Contrary to the fears of many, the advent of OTT and mobile video is not cannibalizing conventional TV viewing – that is if you believe Nielsen’s latest research. Americans continue to watch more TV, a trend being fueled by several factors: digital distribution is providing a better quality viewing experience, service providers are offering ever larger amounts of programming across three screens, and DVRs are making it more convenient and increasing opportunities to watch TV, according to the Nielsen Co.’s latest Three Screens Report.
Americans are watching around 35 hours of TV a week and two hours of time-shifted TV via DVRs, company analysts found. Viewers between the ages of 25 and 34 watch nearly three hours a week of time-shifted TV while those aged 65 and up watch just over an hour. According to Nielsen, monthly TV viewing versus OTT video usage isn’t even close — 35 hours of TV versus 22 minutes of OTT video, for the average user.
Heartening news to broadcast networks, cable providers, telcos and satellite service providers, those watching TV and using the Internet simultaneously increased to 3-1/2 hours a month in 4Q 2009, 35% higher on a quarter-over-quarter basis. Nearly 60% of TV viewers now use the Internet while watching TV once a month.
“The rise in simultaneous use of the web and TV gives the viewer a unique on-screen and off-screen relationship with TV programming,” Nielsen Company media product leader Matt O’Grady stated in the news release. “The initial fear was that Internet and mobile video and entertainment would slowly cannibalize traditional TV viewing, but the steady trend of increased TV viewership alongside expanded simultaneous usage argues something quite different.”
Also of note, online video watching is up 16% from last year, according to the report. Of possible concern to employers and management, some 44% of online video is being watching in the workplace. The researchers found that viewers watch programs online when they miss a program or when a TV isn’t available, essentially using the Internet the same way they use DVRs, not as a TV replacement.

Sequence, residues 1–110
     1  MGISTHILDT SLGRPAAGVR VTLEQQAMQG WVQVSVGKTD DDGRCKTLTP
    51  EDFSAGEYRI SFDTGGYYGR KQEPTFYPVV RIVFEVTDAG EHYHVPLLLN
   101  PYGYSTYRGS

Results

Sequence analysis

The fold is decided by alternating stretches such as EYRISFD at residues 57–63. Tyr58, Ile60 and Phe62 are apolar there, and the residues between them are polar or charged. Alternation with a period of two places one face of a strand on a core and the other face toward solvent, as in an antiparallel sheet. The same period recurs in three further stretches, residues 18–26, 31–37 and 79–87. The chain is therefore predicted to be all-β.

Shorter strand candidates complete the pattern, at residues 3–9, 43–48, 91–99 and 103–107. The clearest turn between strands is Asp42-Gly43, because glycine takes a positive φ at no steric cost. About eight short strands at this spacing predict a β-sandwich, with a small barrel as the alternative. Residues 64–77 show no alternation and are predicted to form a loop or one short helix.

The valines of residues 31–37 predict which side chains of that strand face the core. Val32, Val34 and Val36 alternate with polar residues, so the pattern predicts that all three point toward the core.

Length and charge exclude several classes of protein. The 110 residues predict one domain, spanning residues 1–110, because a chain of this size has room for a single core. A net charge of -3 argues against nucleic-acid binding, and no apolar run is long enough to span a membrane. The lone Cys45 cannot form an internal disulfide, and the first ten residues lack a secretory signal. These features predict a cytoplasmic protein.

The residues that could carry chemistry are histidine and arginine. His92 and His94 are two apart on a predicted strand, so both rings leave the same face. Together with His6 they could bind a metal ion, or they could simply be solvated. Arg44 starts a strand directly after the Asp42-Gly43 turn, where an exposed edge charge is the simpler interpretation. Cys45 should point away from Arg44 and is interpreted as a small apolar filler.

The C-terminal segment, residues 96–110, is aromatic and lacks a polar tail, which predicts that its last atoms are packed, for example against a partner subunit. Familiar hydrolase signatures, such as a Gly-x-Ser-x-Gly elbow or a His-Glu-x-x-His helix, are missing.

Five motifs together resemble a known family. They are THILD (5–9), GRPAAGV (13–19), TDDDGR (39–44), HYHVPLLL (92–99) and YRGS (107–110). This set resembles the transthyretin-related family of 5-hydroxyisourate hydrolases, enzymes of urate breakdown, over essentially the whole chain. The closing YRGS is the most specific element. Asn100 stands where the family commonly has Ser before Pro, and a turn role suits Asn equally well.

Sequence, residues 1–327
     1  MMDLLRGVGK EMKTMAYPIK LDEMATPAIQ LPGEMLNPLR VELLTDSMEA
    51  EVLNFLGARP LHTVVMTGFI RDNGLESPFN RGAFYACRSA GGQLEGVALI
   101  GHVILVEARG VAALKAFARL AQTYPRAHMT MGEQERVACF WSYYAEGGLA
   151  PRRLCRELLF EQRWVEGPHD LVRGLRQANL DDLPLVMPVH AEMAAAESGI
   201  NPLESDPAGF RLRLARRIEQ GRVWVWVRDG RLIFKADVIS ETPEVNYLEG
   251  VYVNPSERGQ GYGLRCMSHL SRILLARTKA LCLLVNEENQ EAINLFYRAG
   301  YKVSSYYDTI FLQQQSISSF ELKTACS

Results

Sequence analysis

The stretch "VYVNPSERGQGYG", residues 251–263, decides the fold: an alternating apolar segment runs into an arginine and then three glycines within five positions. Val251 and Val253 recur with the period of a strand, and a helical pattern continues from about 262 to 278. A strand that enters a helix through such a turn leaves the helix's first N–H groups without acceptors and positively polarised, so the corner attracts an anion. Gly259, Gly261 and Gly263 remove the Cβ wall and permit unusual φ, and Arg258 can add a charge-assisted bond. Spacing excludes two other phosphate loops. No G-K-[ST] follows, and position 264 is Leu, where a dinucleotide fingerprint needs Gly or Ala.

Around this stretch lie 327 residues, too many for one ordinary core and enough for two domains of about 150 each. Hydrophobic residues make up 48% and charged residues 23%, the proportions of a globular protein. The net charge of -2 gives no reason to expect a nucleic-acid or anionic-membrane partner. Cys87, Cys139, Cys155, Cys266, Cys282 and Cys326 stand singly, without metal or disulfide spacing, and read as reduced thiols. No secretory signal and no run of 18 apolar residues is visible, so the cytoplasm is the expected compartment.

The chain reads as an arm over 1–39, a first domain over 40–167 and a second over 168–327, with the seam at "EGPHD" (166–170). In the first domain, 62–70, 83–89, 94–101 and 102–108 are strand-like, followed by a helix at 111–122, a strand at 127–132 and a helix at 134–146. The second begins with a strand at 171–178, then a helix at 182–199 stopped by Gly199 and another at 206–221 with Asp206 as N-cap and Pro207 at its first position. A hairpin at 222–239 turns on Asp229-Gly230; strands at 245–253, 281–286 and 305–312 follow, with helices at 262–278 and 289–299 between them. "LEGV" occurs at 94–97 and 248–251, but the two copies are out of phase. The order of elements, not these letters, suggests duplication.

3 thoughts on “American’s Are Watching More TV, Not Less”
More evidence that OTT is a complementary app, not a replacement.
One interesting data point from Nielsen is 44% of online video viewing occurs in the workplace, as opposed to the home. That's one reason why OTT doesn't appear to be materially impacting traditional TV viewing. I wonder what happens when/if companies start to crack down (more than they already do) on web video viewing at work?
That 44% should be broken out perhaps?
news vignettes (avg. 2 minutes)
YouTube (avg. 4 minutes)
long formats like Hulu and select destination web properties like ESPN
For example, YouTube has been less favored for longer form commercial episodic content delivery (so far). Seems like that would be clicking around more than sitting through a movie at work.
I'd also expect YouTube and Hulu to be blocked after ESPN — already a common target of "office web productivity filters". Perhaps that's a new revenue opportunity for broadband providers? i.e. outsourced content filtering services for business vs. content filtering to protect children or capture eRate via CIPA.
I'd also be curious as to the total time spent and length of format. Channel flipping in the cable and IPTV world has to be bit different online when you have most commercial insertion as a mandatory event (see the Hulu A/B experiments of watch advert now or as interstitial adverts).
Also, I wonder how long the viewing time (median) is for that 44% and then how many advertising impressions are registered?